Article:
Program Schedule

Host and Pathogen Genetics Modulate HSV-1 Severity

Session: Poster Abstract Session: Viral Infections: Pathogenesis
Friday, October 10, 2014
Room: The Pennsylvania Convention Center: IDExpo Hall BC
  • Host and Pathogen Genetics Modulate HSV-1 Severity-IDSA2014.pdf (983.8 kB)
  • Background: HSV-1 infection has a wide severity spectrum in the immunocompetent host, from asymptomatic seropositivity to frequent orolabial lesions. To gain insight into virus and host genotype contributions to disease phenotype, we evaluated HSV-1 genotypes and immunity in mono- (MZ) and dizygotic (DZ) twins.

    Methods: HSV-1 seropositive twin pairs collected daily oral swabs for quantitative HSV-1 PCR and kept symptom diaries for 60 days.  Associations of shedding rates were assessed by estimating correlations.  We categorized the viral strain as identical or different in each pair with DNA available for genotyping from both. The identity and breadth of HSV-1 antigens recognized by circulating CD4 T-cells were determined using a complete HSV-1 ORF (open reading frame) set.  CD4 T-cell responses were scored as present or absent to each ORF. We used a bootstrap method to estimate the distribution of agreements in ORF responses between individuals.

    Results: We enrolled 29 MZ and 22 DZ twin pairs. The overall shedding rate was 10.3% of days (median 9.3%; range 0-47%). There was a positive correlation between shedding rates within twin pairs (r=0.33, p=0.015) but not among unrelated individuals (r=-0.086; p=0.5).  Genotyping showed that 15/14 twin pairs had the same/different HSV-1 strain, respectively.  The correlation for shedding rates in all twin pairs was higher in those with the same virus (r=0.55, p=0.033) versus different (r=-0.169, p=0.56). 8 MZ pairs were analyzed for CD4 T-cell responses. The median number of ORFs recognized per person was 19 (range 6-35).  The bootstrapped mean percent agreement in ORF response between unrelated pairs was 71% (5th/95th percentile, 67%/75% respectively). The percent agreement between the original 8 pairs of MZ twins was 77% (p=0.003 for difference from bootstrapped dataset).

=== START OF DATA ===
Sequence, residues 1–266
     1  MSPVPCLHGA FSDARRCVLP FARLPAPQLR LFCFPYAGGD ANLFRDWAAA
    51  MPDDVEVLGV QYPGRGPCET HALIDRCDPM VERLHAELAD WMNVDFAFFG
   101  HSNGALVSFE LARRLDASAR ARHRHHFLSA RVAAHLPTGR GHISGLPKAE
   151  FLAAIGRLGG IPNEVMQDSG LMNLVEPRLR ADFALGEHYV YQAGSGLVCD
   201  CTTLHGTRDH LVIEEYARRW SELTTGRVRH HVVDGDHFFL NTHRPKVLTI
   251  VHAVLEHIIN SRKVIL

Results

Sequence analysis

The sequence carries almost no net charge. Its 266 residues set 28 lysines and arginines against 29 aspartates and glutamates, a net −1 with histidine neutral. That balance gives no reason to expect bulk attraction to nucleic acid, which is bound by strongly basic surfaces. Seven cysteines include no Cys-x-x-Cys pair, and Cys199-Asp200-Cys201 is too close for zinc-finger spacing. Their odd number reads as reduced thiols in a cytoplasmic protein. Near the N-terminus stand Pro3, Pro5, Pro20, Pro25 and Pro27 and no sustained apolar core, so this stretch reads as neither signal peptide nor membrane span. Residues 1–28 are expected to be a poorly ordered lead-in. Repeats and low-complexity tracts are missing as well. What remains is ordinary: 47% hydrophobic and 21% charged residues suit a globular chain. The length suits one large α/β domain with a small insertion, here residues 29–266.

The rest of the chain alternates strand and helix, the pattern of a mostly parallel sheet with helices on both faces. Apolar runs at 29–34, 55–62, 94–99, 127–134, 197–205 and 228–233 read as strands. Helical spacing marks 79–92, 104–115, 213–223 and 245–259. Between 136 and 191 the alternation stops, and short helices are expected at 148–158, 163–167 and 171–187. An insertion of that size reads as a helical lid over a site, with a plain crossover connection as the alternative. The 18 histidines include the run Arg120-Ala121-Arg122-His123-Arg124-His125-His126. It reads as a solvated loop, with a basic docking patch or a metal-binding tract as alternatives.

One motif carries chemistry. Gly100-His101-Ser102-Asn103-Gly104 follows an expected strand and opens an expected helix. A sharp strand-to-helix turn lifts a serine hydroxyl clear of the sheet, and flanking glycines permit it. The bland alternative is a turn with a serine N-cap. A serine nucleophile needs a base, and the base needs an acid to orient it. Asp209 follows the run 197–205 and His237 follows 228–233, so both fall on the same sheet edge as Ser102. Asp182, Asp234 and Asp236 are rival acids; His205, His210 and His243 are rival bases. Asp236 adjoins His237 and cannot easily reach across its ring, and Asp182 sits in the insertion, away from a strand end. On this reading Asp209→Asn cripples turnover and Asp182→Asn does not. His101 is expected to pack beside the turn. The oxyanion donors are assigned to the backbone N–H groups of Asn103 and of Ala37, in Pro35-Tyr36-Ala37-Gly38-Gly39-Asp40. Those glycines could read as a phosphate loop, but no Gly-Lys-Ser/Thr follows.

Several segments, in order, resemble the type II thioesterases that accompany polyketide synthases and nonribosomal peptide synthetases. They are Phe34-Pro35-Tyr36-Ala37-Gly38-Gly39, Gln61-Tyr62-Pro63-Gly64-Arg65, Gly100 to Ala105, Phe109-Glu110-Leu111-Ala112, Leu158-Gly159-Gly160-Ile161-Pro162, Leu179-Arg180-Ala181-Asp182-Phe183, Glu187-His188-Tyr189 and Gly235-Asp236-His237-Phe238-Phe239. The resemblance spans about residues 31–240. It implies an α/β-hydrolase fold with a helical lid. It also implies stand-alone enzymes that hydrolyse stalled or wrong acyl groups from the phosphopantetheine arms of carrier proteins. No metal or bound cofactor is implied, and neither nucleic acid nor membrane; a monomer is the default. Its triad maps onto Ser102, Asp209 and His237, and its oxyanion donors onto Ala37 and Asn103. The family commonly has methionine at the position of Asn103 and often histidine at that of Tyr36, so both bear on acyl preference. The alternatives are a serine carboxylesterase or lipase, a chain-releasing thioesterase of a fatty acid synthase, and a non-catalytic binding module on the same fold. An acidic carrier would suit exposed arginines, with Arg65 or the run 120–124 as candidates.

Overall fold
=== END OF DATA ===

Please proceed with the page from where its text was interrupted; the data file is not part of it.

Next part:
Conclusion: A relationship between HSV-1 shedding and host genotype is supported by our observation of a higher correlation in HSV-1 shedding between twin pairs than between unrelated individuals and similar CD4 T-cell responses between MZ twins. These data and the higher correlation in shedding rates among twins with the same versus different virus suggests that both viral and host genetics contribute to HSV-1 severity.

    Meena Ramchandani, MD, MPH1, Ronnie Russell2, Lichen Jing, PhD2, Amalia Magaret, PhD3, Stacy Selke, MS4, Meei-Li Huang, PhD5, Eric Strachan, PhD2, Anna Wald, MD, MPH, FIDSA6 and David M. Koelle, MD7, (1)Infectious Disease, University of Washington, Seattle, WA, (2)University of Washington, Seattle, WA, (3)Department of Laboratory Medicine, University of Washington, Seattle, WA, (4)Laboratory Medicine, University of Washington, Seattle, WA, (5)Fred Hutchinson Cancer Research Center, Seattle, WA, (6)Department of Medicine, University of Washington, Seattle, WA, (7)Medicine, University of Washington, Fred Hutchinson Cancer Research Center, Seattle, WA


    M. Ramchandani, None

    R. Russell, None

    L. Jing, None

    A. Magaret, None

    S. Selke, None

    M. L. Huang, None

    E. Strachan, None

    A. Wald, Aicuris: Consultant, Consulting fee
    Genocea: Investigator, Research support
    Agenus: Investigator, Research support
    Vical: Investigator, Research support

    D. M. Koelle, None

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